Michael Bowie was once the starting left tackle for Oklahoma State. In 2011, his junior season, Bowie was a part-time starter for the Cowboys, who won the Big 12 that year.
Oklahoma State’s athletic site even said Bowie “figures to be a very important lineman for Oklahoma State in 2012 and a likely starter at tackle.” But before his senior season, Bowie was dismissed from the team for violating team rules. No specifics were given.
He ended up at Northeastern State, a school located in Tahlequah, Okla. Bowie has the size to play tackle; he is 6 feet 5 and 330 pounds. And he was good enough to be a starter at Oklahoma State, the same school that produced current Seattle left tackle Russell Okung.
Bowie played left tackle in college, but said he is versatile and can play either tackle position as well as guard. The Seahawks aren’t sure which side they will use him at. They said it depends on how he does when he arrives.
“Michael is just a big, athletic, great feet, long arms guy,” Seahawks general manager John Schneider said. “He was picked where he was picked for a reason. He has a little bit of a background, and he needs to overcome those things, and if he overcomes them he has a good chance to be an excellent pro. Russell Okung helped recruit him to Oklahoma State, so again we had a certain comfort level with him.”
The Seahawks have Okung, one of the league’s elite left tackles, and Breno Giacomini at right tackle. But they could use another tackle capable of backing up either guy.
Give Ryan Seymour this: He sure is versatile. Seymour played just about every position along the offensive line at Vanderbilt. Or, as he put it, “I can play from right tackle all the way to left guard.”
That’s a big reason the Seahawks like Seymour, who is 6 feet 4 and 300 pounds. Seymour also served as Vanderbilt’s backup center, although he only took a few snaps during games.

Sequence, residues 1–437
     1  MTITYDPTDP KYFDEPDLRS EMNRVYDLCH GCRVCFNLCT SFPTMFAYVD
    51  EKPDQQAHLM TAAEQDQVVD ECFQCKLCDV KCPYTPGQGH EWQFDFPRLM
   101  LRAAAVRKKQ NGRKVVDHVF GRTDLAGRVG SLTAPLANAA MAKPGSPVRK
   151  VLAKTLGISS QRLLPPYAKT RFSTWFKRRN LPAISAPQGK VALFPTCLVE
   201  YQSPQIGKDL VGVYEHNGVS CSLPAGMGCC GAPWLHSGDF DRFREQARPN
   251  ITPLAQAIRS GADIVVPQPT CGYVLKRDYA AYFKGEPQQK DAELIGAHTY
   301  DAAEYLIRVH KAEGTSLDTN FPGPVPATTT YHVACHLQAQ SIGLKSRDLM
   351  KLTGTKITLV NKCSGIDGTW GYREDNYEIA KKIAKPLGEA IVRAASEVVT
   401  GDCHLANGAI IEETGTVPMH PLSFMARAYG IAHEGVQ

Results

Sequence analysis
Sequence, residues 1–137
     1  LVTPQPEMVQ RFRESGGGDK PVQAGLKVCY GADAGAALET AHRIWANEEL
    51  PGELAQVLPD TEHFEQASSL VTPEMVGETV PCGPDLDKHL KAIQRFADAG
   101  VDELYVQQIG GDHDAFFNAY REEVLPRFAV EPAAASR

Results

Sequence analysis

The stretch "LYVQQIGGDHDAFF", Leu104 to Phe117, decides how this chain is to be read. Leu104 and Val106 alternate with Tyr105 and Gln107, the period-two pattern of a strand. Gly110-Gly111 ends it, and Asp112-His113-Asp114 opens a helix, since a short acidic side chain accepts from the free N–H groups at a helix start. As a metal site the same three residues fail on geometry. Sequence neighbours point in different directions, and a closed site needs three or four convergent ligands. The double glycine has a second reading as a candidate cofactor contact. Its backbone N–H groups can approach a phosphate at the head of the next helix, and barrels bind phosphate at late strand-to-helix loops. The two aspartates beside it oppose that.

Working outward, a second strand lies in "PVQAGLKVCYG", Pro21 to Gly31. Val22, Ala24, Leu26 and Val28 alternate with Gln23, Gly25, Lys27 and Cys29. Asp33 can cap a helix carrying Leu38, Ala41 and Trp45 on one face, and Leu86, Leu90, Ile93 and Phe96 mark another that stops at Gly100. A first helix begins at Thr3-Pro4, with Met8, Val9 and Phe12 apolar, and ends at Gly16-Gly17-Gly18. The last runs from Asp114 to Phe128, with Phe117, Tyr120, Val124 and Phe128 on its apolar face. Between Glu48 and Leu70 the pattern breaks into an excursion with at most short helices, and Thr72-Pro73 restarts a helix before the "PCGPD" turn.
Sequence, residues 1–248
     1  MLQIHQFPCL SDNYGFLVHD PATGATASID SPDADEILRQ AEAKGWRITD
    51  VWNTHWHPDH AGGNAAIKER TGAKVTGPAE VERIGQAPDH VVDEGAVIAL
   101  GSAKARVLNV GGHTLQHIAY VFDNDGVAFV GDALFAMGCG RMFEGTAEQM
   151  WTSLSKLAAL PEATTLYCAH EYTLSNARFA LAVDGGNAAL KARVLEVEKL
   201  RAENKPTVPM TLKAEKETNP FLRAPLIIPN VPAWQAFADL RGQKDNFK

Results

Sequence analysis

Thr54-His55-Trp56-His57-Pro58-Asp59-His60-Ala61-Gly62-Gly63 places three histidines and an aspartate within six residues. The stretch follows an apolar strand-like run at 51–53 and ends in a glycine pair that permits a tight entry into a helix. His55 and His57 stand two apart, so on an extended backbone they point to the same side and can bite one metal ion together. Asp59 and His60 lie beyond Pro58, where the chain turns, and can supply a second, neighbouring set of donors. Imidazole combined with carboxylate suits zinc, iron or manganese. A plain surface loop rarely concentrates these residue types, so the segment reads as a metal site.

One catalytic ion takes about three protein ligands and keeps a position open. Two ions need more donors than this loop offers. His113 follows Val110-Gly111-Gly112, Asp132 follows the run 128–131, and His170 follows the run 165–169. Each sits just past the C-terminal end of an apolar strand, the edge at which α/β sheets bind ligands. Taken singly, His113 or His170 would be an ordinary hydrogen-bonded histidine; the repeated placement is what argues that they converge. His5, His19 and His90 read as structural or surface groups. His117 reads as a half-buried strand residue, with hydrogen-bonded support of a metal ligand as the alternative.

“It was huge,” Schneider said. “We had talked about that’s the reason he had more value for us, and he went to Vanderbilt so he’s a pretty smart guy, a smart football guy. We talk about smart, tough reliable, and that’s what he is.”
Seymour was recruited to Vanderbilt as a defensive lineman but switched to the offensive side because the team was short on offensive linemen at the time. Seymour started 35 games along the offensive line for Vanderbilt, taking snaps at left guard and both tackle positions when injures forced him to move.
Seattle could use some more depth at the offensive line, particularly a player who can fill in at multiple positions. That gives Seymour a leg up moving forward.
How about this for a birthday present: Getting drafted by the Seattle Seahawks. That’s what happened to outside linebacker Ty Powell from Harding University, who turned 25 the same day the Seahawks drafted him in the seventh round.
“I’m speechless,” he said. “This is the best one so far.”
Powell is the first player from Harding in 30 years. He played safety and defensive end in college, and is a bigger linebacker at 6 feet 2, 250 pounds. The Seahawks see him as another pass-rushing threat off the edge, and that’s something that fits Powell’s skills.
Powell had 15 tackles for loss and 8.5 sacks as a senior for Harding, which is located in Arkansas.
“That’s my play: reckless,” Powell said. “Going full speed all the time.”
He was previously at Monterrey College, where he was dismissed from the team according to ESPN Insider, and then at DeAnza College.
Jared “Fat Rabbit” Smith
Jared Smith hasn’t played offensive line since high school, a fact that didn’t bother the Seahawks in selecting him in the seventh round. Smith played defensive tackle at New Hampshire, where he earned the awesome nickname of “Fat Rabbit.” (For a full explanation, read this story).
Anyway, Fat Rabbit was a pretty good defensive tackle at New Hampshire, and that’s where most NFL teams saw him playing. But the Seahawks called Smith and asked him to do a “last-minute workout” with offensive line coach Tom Cable to see how he played the offensive line.
The Seahawks liked what they saw enough to draft Smith in the seventh round as an offensive guard.
Seattle, you may remember, did the same thing a year ago with J.R. Sweezy, who played defensive line in college and who played rather significantly at guard last season. He was also a seventh-round pick, and Smith said he became good friends with Sweezy during this process.
“In talking to him about it,” Smith said, “he told me that he was nervous at first, but you just have to give all your trust to (Cable), and he will make everything happen. I’m going to take his advice and put my whole entire football learning skills in coach Cable’s hands.”
Smith played in 11 games as a senior and had four sacks, three blocked kicks and 10 tackles for loss.